The actual liabilities of the federal government—including Social Security, Medicare, and federal employees' future retirement benefits—already exceed $86.8 trillion, or 550% of GDP. Why haven't Americans heard about the titanic $86.8 trillion liability from these programs? One reason: The actual figures do not appear in black and white on any balance sheet. But it is possible to discover them. Included in the annual Medicare Trustees' report are separate actuarial estimates of the unfunded liability for Medicare Part A (the hospital portion), Part B (medical insurance) and Part D (prescription drug coverage). As of the most recent Trustees' report in April, the net present value of the unfunded liability of Medicare was $42.8 trillion. The comparable balance sheet liability for Social Security is $20.5 trillion.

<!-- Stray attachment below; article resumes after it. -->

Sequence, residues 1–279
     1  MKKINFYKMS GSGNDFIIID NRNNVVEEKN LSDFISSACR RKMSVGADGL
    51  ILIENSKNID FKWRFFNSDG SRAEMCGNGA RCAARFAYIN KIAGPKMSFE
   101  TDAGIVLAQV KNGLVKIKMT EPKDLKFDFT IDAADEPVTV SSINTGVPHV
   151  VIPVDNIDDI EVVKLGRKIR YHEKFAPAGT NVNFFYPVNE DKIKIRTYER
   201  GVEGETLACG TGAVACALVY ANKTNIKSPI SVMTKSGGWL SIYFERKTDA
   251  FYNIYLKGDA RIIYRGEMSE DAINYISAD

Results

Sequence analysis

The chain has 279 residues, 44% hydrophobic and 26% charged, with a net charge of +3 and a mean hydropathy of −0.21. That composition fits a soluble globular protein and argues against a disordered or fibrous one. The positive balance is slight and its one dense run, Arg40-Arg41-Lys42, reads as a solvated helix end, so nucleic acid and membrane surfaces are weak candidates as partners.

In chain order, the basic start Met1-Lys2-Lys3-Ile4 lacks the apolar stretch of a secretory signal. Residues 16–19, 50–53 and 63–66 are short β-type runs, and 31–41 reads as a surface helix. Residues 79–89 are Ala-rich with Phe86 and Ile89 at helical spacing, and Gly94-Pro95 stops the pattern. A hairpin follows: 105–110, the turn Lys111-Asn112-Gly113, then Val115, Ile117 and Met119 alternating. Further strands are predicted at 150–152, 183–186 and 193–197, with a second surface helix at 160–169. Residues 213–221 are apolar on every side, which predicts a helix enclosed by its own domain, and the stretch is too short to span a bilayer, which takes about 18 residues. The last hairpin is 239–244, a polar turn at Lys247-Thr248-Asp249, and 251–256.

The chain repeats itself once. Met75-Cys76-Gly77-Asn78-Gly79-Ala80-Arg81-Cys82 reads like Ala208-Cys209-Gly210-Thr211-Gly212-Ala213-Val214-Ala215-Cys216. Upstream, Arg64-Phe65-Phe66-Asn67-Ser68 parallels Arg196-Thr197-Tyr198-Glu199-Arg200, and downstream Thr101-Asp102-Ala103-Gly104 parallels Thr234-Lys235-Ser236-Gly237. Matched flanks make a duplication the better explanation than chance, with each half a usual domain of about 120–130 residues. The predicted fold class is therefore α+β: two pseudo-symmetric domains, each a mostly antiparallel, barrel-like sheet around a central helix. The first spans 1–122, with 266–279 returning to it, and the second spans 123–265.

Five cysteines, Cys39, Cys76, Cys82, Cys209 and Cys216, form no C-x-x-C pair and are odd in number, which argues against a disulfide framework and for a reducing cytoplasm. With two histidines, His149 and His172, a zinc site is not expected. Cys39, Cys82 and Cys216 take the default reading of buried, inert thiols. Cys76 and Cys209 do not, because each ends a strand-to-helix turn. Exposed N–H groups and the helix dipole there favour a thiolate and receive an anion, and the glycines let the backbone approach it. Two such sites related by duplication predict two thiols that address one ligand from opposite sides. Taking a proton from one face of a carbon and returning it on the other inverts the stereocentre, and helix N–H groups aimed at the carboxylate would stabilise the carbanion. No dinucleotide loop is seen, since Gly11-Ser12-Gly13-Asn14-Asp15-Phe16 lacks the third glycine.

The bankrupt cities are looking to the cash-strapped states, many of the most profligate and (now nearly) bankrupt states are stealing a pitiful glance at the federal government hoping for a bailout, and the federal government is leering at our debtors, borrowing more than 40 cents on every dollar just to fund the basics and keep the teetering fiscal tower from tumbling. Unfortunately, though, it's turtles all the way down.